A good example is my naming convention for high-resolution files. In the past few years, I have gotten into the habit of labeling them *HR*. These are jpegs that are optimized to display much bigger than what would be appropriate on the layout of a web page, so that you can see detail, that sort of thing. Most web pages that I do are no wider than 1000 pixels, so a jpeg that is as wide as that I just consider a high-resolution image, and it is linked to, and never directly on, a web page layout.
There really isn't much reason for an image to be an larger than that, but I have occasionally done what I have come to call *Super-Dooper High Resolution*, which I label SDHR. These files are not for use on the web, as they would take forever to display. They are for offset litho printing, which is a whole 'nother world.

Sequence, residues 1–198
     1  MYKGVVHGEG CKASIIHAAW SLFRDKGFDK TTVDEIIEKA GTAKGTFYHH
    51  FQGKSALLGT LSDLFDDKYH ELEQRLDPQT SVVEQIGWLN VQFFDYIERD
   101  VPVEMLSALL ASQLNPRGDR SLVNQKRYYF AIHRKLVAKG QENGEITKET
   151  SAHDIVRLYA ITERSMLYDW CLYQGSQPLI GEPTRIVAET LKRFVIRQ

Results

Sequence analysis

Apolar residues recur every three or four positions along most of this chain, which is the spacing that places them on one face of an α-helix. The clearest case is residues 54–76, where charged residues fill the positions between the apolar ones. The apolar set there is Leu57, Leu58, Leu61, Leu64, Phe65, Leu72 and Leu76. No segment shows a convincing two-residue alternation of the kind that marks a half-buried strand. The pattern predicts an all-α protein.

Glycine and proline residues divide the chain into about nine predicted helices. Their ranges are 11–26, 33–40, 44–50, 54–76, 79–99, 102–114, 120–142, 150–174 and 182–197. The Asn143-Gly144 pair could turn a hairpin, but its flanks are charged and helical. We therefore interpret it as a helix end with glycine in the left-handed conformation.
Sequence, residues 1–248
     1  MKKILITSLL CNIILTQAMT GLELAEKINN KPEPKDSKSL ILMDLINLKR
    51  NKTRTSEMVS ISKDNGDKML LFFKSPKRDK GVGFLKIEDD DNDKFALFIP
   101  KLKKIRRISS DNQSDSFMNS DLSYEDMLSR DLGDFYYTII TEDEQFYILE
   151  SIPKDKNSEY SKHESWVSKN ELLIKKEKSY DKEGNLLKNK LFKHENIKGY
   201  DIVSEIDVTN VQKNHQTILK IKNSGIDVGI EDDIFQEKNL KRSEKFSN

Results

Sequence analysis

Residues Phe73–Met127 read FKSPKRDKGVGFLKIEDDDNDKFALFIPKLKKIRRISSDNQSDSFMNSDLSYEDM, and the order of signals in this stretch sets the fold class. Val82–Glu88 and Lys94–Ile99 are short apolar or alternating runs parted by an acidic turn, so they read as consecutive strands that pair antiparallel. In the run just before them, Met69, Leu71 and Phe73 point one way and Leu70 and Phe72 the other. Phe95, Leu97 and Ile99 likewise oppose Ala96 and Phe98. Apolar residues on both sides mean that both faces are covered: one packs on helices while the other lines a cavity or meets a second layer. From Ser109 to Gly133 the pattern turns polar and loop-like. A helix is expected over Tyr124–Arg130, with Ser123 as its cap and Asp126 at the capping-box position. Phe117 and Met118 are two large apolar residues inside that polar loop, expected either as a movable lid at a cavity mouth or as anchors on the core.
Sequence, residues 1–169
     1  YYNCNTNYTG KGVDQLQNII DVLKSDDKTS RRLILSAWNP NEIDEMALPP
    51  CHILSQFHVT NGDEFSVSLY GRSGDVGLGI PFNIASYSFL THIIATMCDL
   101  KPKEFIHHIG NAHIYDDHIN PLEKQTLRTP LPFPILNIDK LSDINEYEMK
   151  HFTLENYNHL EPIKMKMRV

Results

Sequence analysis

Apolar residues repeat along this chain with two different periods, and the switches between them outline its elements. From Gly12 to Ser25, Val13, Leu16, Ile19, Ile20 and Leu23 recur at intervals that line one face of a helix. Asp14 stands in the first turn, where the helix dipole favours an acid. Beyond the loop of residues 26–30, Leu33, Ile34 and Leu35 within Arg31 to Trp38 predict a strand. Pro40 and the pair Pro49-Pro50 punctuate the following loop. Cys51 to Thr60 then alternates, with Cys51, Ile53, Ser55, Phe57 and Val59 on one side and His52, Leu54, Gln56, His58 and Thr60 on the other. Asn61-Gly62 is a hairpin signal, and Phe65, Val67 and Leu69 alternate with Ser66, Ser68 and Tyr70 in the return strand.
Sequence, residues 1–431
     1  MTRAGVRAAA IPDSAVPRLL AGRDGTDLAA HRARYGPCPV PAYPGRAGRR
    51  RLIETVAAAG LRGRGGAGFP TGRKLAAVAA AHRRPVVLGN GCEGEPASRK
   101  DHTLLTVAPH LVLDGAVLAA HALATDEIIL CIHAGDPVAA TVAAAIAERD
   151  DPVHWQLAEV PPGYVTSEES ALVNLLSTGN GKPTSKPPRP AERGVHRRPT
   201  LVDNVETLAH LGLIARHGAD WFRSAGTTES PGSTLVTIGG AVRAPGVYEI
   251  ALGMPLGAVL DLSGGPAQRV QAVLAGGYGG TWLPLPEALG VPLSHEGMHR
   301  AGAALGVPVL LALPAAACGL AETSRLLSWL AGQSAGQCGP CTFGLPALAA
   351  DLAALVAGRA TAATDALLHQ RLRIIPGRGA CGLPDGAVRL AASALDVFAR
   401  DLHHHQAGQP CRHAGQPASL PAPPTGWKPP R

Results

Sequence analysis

Offset litho printing is how magazines and newspapers are printed. And while the printing quality of an average newspaper really doesn't look all that good to the casual observer, it is much, much, better than the quality of a computer screen. Really. And because of that, if you use a regular resolution image from the web for offset litho, it will look terrible, that is, all pixellated and jaggy. So for them, I supply SDHR files!
Oops, I guessed I missed two naming conventions, SHR and SDPSHR!